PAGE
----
Hubs and I have been married for 16 years. Over that time, he habitually tells everyone he meets that he’s learned a lot about women in those years. Apparently, his first two wives weren’t what he calls girly-girls, so he came into our relationship with only a rudimentary understanding of the term “high maintenance.”
Hubs has learned how many different shades of black there are for boots, why every bed requires a minimum of six throw pillows, and how a woman can be on a diet for 15 years and never lose an ounce. He can cut back on late-night chip dip and knock off a quick eight pounds, while I’m down the hall charting the pros and cons of various weight-loss options and why they never work. Admittedly, I have a dieting attention span of approximately three hours. And I’ve been on virtually every recognized diet on the planet (including a few that came with a warning label, “Do Not Do For More Than Three Days, or You Will Die.” What the hell, I was young).
Whenever he looks confused about yet another failed attempt to divest myself of the same 10 pounds I’ve been battling since 1974, I explain to him, again, how the entire premise of dieting is just wrong. Diets work like budgets, Both are about deprivation. The first thing budget experts tell you to do is write down everything you like to spend money on. Then they get out their fat red markers and cross off all the “unnecessary things” you can’t buy anymore. We’ve just reach our first crossroads.
I told our first fiscal planner, “If I could resist these things, I wouldn’t buy them. In that case, I wouldn’t need your advice. But since I can’t resist them, there’s no point in telling me that I can’t buy them because I’m going to anyway, and now I’m a loser, but with fabulous boots.” (Hubs points our here that we’re on our third accountant.)
Diet experts, similarly, tell you to write down all your favorite foods, and then tell you that you can never eat them again. Ever. Yeah, no. If I liked broccoli, I’d eat broccoli, in which case, I wouldn’t need you and your stupid food diary. Since I hate broccoli and I love chocolate, here we are, back at Deprivation Gulch. Hubs claims that after 16 years, this makes a weird sort of sense to him. He’s learning.
Meanwhile, the poor guy has vicariously lived through a multitude of failed programs with an admirable lack of judgment. There was Weight Watchers. All that planning, counting, and cooking food I wasn’t going to eat, quickly devolving into a drive-by lobbing of their annoying Point Counter into the soccer field on my way to DQ for an Oreo Lava Blizzard. He quietly sat through a short trial of Nutrisystem. Foil-wrapped space shuttle food. Tried it once and gave the nonrefundable supply to Paco, my Chihuahua, who will eat anything. Except that. Moving forward to Medifast. Hungry, all the time. And consequently bitchy. All. The. Time. And of course we tried low carb. By day three, I would have tossed Paco under a bus in a NY minute for a bagel. Not my best moment.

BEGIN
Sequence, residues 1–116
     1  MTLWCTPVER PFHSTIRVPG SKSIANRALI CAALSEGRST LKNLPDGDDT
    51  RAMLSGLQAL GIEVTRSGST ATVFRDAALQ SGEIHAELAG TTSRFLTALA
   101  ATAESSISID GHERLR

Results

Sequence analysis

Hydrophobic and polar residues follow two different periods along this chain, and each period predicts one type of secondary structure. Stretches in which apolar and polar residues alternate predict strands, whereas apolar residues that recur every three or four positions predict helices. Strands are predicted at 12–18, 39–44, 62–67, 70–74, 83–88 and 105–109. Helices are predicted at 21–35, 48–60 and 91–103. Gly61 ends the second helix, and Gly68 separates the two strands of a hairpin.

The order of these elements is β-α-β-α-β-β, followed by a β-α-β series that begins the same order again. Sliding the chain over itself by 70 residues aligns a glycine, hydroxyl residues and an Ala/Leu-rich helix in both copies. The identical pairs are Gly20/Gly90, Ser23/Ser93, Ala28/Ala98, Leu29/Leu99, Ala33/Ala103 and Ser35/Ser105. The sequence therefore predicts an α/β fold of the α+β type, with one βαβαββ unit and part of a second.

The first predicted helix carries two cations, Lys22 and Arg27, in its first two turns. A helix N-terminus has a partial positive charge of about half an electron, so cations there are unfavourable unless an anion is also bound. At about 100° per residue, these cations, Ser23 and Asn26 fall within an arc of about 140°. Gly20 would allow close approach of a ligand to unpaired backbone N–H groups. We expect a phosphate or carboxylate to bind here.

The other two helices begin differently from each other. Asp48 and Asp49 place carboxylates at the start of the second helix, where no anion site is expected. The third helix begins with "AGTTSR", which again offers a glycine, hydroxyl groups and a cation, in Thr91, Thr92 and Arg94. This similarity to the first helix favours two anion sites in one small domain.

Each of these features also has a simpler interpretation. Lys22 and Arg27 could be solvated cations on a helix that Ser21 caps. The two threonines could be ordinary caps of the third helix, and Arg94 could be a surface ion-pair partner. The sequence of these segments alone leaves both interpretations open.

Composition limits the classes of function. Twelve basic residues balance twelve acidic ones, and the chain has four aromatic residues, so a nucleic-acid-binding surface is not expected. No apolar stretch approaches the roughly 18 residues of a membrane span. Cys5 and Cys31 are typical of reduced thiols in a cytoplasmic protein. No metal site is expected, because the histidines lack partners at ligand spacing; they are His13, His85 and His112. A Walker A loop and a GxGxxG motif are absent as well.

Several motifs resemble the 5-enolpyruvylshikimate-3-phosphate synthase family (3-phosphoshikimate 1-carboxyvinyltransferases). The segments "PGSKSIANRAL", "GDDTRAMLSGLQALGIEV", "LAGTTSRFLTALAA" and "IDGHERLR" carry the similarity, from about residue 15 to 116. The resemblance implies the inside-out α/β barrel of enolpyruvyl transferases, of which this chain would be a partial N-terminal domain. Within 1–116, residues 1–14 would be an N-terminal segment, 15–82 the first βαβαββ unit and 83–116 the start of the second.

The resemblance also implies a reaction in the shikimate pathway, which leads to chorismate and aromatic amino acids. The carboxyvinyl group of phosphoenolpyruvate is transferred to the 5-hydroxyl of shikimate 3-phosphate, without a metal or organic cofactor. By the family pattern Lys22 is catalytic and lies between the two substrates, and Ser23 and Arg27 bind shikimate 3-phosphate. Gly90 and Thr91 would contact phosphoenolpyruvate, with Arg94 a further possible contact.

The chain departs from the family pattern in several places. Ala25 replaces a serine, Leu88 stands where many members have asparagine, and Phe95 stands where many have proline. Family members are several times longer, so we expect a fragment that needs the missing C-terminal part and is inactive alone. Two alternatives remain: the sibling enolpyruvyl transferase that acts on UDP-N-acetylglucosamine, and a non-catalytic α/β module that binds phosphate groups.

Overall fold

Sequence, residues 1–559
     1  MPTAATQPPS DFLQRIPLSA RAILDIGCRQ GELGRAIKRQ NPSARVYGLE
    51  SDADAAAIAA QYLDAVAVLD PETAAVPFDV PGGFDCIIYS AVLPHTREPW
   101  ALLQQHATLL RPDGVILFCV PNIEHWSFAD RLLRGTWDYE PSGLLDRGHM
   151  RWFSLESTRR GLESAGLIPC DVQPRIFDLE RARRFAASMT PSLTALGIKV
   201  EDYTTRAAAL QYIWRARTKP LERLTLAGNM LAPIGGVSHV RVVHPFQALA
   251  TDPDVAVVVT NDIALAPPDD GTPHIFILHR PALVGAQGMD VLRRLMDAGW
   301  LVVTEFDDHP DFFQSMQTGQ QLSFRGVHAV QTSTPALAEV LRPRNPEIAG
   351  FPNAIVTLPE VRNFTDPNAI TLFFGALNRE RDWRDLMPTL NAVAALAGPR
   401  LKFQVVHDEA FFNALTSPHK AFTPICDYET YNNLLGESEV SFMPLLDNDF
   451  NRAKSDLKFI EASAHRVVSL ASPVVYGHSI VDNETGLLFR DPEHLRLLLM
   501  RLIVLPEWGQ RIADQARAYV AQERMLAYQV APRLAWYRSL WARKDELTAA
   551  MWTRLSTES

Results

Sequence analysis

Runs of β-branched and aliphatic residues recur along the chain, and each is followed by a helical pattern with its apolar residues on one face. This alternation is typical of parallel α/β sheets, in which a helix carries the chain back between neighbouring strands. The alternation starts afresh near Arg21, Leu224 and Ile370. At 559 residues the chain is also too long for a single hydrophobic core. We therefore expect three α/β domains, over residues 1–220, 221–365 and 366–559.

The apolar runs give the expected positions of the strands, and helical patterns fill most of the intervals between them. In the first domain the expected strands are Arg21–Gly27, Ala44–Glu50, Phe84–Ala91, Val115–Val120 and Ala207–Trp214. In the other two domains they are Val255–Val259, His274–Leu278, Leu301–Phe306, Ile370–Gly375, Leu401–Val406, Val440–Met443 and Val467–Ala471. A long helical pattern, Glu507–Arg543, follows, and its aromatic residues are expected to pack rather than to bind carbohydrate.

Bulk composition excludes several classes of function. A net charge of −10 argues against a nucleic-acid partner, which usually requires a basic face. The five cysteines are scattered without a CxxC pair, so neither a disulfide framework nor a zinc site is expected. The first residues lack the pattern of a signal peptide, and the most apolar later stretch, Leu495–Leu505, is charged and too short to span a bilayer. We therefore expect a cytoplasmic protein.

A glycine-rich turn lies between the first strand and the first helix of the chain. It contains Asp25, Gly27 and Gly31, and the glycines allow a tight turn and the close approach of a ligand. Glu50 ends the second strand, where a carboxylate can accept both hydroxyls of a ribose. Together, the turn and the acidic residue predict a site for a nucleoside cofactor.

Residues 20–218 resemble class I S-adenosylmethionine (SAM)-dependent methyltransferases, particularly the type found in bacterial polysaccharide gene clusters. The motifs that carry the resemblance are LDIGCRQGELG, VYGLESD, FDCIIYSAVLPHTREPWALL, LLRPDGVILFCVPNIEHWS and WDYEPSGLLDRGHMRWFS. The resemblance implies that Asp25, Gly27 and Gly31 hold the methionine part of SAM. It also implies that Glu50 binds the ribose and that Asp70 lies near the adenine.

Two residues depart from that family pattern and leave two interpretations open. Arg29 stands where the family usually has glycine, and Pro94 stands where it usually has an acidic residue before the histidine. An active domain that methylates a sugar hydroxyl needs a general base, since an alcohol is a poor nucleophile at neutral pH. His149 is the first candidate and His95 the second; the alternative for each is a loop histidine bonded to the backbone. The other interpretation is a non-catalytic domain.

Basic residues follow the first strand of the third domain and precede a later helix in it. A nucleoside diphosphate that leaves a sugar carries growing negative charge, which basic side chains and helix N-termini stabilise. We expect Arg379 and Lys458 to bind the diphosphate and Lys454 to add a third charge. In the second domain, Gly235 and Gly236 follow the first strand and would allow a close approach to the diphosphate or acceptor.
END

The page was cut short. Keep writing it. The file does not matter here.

Finally, I ended up at Jenny Craig. No cooking, counting, meetings, or public weigh-ins. Simply pick out my favorite Jenny foods and poof, a month-long supply right to our door, all pre-packaged, actually edible, and ready to eat. Perfect. Hubs thought the portions looked a tad scant, and I almost lost him over the shipping and handling (14 boxes of frozen food, overnight express, from eight states away…ouch), but I promised that this time, I’d stay on it until the food was gone. Deal.
The UPS truck pulled up, and we watched while box after box was unloaded and set on the porch. It quickly became obvious that Jenny was going to take up every square inch of our kitchen fridge and freezer. Hubs was trying to be supportive, but he finally turned to me and stated flatly, “If I find one of those frozen boxes in my beer fridge, Jenny dies.” Fair enough.
I lost 13 pounds over the next three months. Then I quit eating Jenny food, and gained it back in six weeks. Well, crap.
It was clear that programmed dieting was not for me, so Hubs suggested just making small, daily changes, on the premise that they would eventually add up and coax recalcitrant scale numbers to budge downward. That could work.
Since my biggest struggle is giving up desserts, I started shopping for smaller portions of my favorites. But Sara Lee doesn’t sell one cookie or one slice of cake. This often meant buying the smallest size available, eating enough to satisfy the original lust, and then throwing the rest away so I don’t pork it all down in one evening just because “it’s there.”
Then one night, a sweet attack sent me scurrying to the local bakery for one of those “individual size” German chocolate cakes (for 2+ individuals, but only if you share. Bahahahaha). I gently warmed it up, ate what I wanted, and tossed the rest. As I walked away, I looked at Hubs, proudly, and said “I’ve so got this down.”
Until I got up the next morning.
He came into the kitchen while I was bent over, face in the garbage and butt in the air, and said, “I know I’m going to be sorry I asked, but what are you doing??” I thought about lying and saying I was taking out the trash, but we’ve been married too long. What the hell. “I’m looking to see if my cake touched anything skeevy in here. If not, grab a fork, because we’re getting it out of here.” “Oh, for God’s sake,” he replied, “Get your coat and we’ll go buy you a new piece. And today, this diet sh** ends. Just eat the damn cake.”
He so gets me.